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Artificial Lift Techbook 2016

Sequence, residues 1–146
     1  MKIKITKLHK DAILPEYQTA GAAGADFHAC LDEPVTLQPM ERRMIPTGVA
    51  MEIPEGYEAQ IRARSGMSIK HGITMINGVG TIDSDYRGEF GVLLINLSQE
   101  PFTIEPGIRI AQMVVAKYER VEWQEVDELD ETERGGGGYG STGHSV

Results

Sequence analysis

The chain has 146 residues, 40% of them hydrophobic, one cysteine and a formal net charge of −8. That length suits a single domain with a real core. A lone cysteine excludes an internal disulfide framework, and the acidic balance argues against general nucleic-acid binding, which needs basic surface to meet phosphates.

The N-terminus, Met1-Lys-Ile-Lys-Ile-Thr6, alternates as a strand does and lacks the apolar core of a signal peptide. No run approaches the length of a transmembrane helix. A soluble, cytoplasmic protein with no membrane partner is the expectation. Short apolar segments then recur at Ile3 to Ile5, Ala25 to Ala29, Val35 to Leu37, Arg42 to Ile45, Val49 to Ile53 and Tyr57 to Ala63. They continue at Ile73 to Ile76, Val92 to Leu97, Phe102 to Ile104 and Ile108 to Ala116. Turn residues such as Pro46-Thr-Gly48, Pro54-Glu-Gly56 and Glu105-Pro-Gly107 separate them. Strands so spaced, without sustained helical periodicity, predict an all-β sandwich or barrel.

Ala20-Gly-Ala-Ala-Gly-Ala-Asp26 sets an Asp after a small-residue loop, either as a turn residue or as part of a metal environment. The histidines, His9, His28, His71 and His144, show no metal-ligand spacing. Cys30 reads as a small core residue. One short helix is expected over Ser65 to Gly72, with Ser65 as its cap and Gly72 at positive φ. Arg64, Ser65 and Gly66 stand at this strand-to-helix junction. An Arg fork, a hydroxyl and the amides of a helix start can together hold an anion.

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ARTIFICIAL LIFT TECHBOOK: CASE STUDY 34 | May 2016 | First, how does one know when to recalibrate the fow-rate model? This would be required if there is a degradation in pump performance, which could be caused by either wear, free gas and/or viscosity. Second, how does one calibrate the algorithm if no physical test is possible at all using a test separa- tor and/or a multiphase fowmeter? The solution to both these problems was pro- vided by a new Schlumberger proprietary pump diagnostic algorithm called the Pump Health Indi- cator (PHI). Traditional pump condition moni- toring is based on comparing the measured pump differential head with the "as new" head at a given fow rate. The weakness of this process is that it not only requires an accurate fow-rate measurement but also an in situ measurement of pump specifc gravity to convert measured pump differential pres- sure to head, both of which often are unavailable. The new method also compares "actual" to "as new" condition, but instead of performing the analysis at a given fow rate, it is done at a given pump differ- ential pressure, which is readily available from real- time data and removes the dependence on fow rate. Furthermore, the value compared is the pump differential pressure divided by pump absorbed power ratio (DP/Power). This value also can be measured with existing instrumentation and most importantly is indepen- dent of specifc gravity. Where the actual and reference DP/Power val- ues are equal, the pump is deemed to be in good condition. Conversely, where the values differ, it is an indication that there is pump degradation. In actual fact, one can demonstrate mathemati- cally that the PHI is equal to the ratio of head, fow and efficiency degrada- tion factors thereby pro- viding a holistic indicator of pump performance. In a recent remote well case study, there was insuf- fcient traditional testing over the 16-month produc- tion period to know whether a single calibration of the calculated liquid rate provided a reliable trend or whether recalibration was required. The PHI was calculated (Figure 1) and an excellent match obtained over the entire 16-month period with the exception of the last nine days prior to ESP failure, thereby confrming that a single calibration was suffcient. Furthermore, as fuid analysis confrmed the absence of gas and/or viscosity, it was possible to use the PHI to calibrate the power model during the frst few months of the ESP life when one knows that pump wear is negligible and there- fore PHI must be equal to 1.0. In other words, the PHI enables calibration of the liquid rate model if there is no gas, viscosity or wear degradation of the pump, which is the case on most ESP applications during the frst few months of operation. The resulting liquid rate trend is shown in Fig- ure 2, which illustrates how fow-rate transients are captured thereby enabling reservoir simulation to match the fowing pressures both during transient and steady state conditions. This becomes a pow- erful tool for monitoring depletion at the well scale and thereby optimizing drawdown. n References available. FIGURE 2. A high-frequency fow-rate trend, including transient fow rates, enables pressure simulation and matching during both steady and transient state conditions thereby quantifying depletion. (Data courtesy of Schlumberger) Pressure, psi Elapsed time, days Reservoir pressure Flow rate, rbpd

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